Though the vernal equinox is a couple months out yet, work here on the farm is ramping up as the days grow longer and the sun reaches towards higher noons. Today I’m out there with a shovel and wheelbarrow, spreading generous quantities of compost over garlic beds. After this, there’s old fence wire to take down and coil. Then, in the gloaming, I’ll need to bring hay to the horses and cows.
I often feel like a sorting machine — a robot (or demon?) programmed to separate this from that according to one of a number of algorithms I’ve had soldered in my brain over the years. Farming, at it’s core, is all about organizing and reorganizing materials. Epicycles of doing and undoing in synchrony with the celestial spheres.
This is not to say I mind being a robot. In fact, generally speaking, repetitive manual labor doesn’t bother me. Physically demanding yet relatively mindless tasks get you into headspaces you can’t access otherwise. I enjoy the total absorption that happens if you can quiet your thoughts and tune in completely to the task at hand. I also enjoy letting my mind wander over whatever terrain it wants to.
This afternoon, I’m going back and forth between periods of mental tranquility and of psychic inferno. When my neurons are still, I am coextensive with the work I’m doing and with the cold breeze rushing out of the west. There is no distinction between me and my surroundings during these stretches, no distinction between me and the parting clouds and the silver mid-January light. Time disappears.
When, on the other hand, by some random fluctuation, my neurons come alive again, I’m in a tight conceptual orbit around the notion of entropy and the widespread belief in the ultimate inevitability of disorder and ruin. There are physicists who go as far as to say that entropy is among the most fundamental of cosmic powers — even more basic than gravity, which is said to be merely the emergent byproduct of the Second Law of Thermodynamics playing itself out. Not everyone believes this though.
When I was studying at Indiana University Bloomington, I had the opportunity to take a fantastic class on the history and philosophy of entropy. If it weren’t for this seminar, I probably never would have noticed one of a number of funny things about about the concept of disorder — to wit, that it seems to spring into being not at the level of single molecules but at the level of our knowledge and judgements about groups of molecules. In other words, entropy — the ostensible prime mover of all reality — doesn’t seem to exist outside our minds.
Now, because molecules aren’t things we can relate to very well, let’s transpose the whole matter onto the medium scale of human agriculture. Let’s turn the molecules into hay bales. Maybe we can get a better grip on the problem this way.
If I asked you which was more disorganized, an acre of pasture with a pyramid of 100 hay bales neatly stacked under a tarp in the corner, or the same acre with 100 bales thrown all over the place, you’d probably say the acre with the bales strewn everywhere. I think that’s what pretty much everyone would say.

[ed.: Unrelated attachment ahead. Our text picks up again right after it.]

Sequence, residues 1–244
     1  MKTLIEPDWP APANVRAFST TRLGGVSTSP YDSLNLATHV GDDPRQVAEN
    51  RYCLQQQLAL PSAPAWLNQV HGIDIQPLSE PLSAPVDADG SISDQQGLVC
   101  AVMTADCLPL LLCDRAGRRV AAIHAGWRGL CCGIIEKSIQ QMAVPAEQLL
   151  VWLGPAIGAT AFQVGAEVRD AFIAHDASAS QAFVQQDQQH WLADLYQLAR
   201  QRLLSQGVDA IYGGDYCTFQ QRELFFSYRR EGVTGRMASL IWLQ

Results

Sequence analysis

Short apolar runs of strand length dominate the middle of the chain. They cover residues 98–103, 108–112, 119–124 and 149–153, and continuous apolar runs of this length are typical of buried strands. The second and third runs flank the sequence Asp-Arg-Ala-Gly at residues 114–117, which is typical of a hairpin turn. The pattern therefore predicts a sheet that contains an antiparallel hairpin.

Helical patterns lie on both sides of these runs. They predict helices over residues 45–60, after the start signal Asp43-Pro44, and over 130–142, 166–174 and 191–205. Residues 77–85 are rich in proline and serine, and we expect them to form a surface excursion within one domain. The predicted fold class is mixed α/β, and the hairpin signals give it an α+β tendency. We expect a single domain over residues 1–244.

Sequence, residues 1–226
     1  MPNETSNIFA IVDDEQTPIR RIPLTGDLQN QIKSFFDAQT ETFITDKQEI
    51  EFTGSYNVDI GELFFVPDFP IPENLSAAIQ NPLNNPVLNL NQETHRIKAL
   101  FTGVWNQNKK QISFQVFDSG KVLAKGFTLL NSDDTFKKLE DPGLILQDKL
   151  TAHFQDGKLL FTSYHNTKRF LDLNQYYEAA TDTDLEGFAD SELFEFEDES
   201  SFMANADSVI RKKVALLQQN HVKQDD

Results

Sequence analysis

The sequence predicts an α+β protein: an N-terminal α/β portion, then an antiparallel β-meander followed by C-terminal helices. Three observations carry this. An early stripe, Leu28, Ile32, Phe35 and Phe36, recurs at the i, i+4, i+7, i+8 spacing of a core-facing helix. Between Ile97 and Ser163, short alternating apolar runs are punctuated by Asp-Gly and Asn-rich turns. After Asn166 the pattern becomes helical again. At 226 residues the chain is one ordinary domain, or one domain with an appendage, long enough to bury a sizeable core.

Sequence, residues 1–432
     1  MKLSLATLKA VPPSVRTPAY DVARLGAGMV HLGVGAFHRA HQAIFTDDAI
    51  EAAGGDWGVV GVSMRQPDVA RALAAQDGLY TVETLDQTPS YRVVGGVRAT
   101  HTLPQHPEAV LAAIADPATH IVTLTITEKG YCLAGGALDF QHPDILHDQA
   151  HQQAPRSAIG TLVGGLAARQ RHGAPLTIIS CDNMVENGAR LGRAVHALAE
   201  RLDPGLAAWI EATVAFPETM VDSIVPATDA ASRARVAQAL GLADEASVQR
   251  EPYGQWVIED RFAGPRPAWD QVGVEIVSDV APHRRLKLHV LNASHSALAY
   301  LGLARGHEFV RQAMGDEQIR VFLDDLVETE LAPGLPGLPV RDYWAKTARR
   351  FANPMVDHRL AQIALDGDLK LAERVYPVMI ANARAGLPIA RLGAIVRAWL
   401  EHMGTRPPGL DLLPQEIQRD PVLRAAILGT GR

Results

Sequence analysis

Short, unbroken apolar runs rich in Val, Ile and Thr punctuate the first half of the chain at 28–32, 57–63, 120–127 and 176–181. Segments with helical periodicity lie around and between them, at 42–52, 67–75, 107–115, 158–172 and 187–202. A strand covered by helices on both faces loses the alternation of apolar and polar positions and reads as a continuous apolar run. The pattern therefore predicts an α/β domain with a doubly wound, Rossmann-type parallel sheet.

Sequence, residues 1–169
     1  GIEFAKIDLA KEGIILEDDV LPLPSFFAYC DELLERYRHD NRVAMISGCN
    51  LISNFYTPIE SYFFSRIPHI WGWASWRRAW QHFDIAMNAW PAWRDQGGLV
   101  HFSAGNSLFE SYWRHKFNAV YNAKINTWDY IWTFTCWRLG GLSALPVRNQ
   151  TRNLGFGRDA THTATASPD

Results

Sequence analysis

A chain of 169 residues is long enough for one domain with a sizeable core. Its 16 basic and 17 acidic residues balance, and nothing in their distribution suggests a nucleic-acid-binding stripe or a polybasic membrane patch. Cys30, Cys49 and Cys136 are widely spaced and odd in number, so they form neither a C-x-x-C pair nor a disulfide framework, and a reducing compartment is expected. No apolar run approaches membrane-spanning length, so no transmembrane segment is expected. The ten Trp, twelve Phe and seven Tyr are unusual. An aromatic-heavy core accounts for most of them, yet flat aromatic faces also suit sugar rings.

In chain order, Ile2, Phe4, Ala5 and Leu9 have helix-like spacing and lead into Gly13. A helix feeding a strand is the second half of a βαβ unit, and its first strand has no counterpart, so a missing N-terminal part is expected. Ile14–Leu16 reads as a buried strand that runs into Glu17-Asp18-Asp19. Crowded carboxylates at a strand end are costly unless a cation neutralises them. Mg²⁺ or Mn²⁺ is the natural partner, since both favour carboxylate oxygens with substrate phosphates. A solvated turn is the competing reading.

Purpose And Emergence
But what if I told you that the purpose of the configuration on this particular day was not to keep the hay out of the rain and away from the cows? What if I was instead wanting to distribute the hay to a bunch of cows in a way they’d all have a good chance of getting a fair portion to eat? Suddenly, choosing which acre is less organized becomes less clear.
The trouble arises from the fact that, at the level of individual bales, it makes no sense whatsoever to talk about organization or disorganization or lower or higher entropy. By itself, a bale’s a bale and that’s pretty much all you can say. It’s only when bales are grouped together in relation to some kind of human purpose that statements about higher or lower entropy can make any sense at all.
Since humans can find all sorts of uses for the same materials, this means there’s often a good amount of subjectivity involved in labeling systems as orderly or disorderly. One person’s trash is another’s treasure, as they say.
Of course, on the farm, the same person can see trash or treasure depending on the month. Our desires for the land and the materials that populate it are mercurial, dynamic. We are ever engaged in the pursuit of the sun — always responding and adapting, always sculpting the world around us based on the position of our nearest star. As a result, that which we deem to possess high entropy in summer we deem to possess low entropy in winter and vice versa.
This, in its turn, means there will always be making and unmaking to attend to. There will always be chains of iterative choreography to lose yourself in — pushing bulbs into the soil and stacking alfalfa. There will always be a font of thoughts to think about the nature of chaos and order.
Like usual, we’ve only scratched the surface. More to come.
- Demons In Physics (Amit Hagar)
- Drawing Lines Between Graffiti And Cultural Treasures (Farther Still)
- Holding True, Come What May (Farther Still)
(Today’s photos is courtesy of Paul L’s Flickr. Thanks for posting under a Creative Commons license!)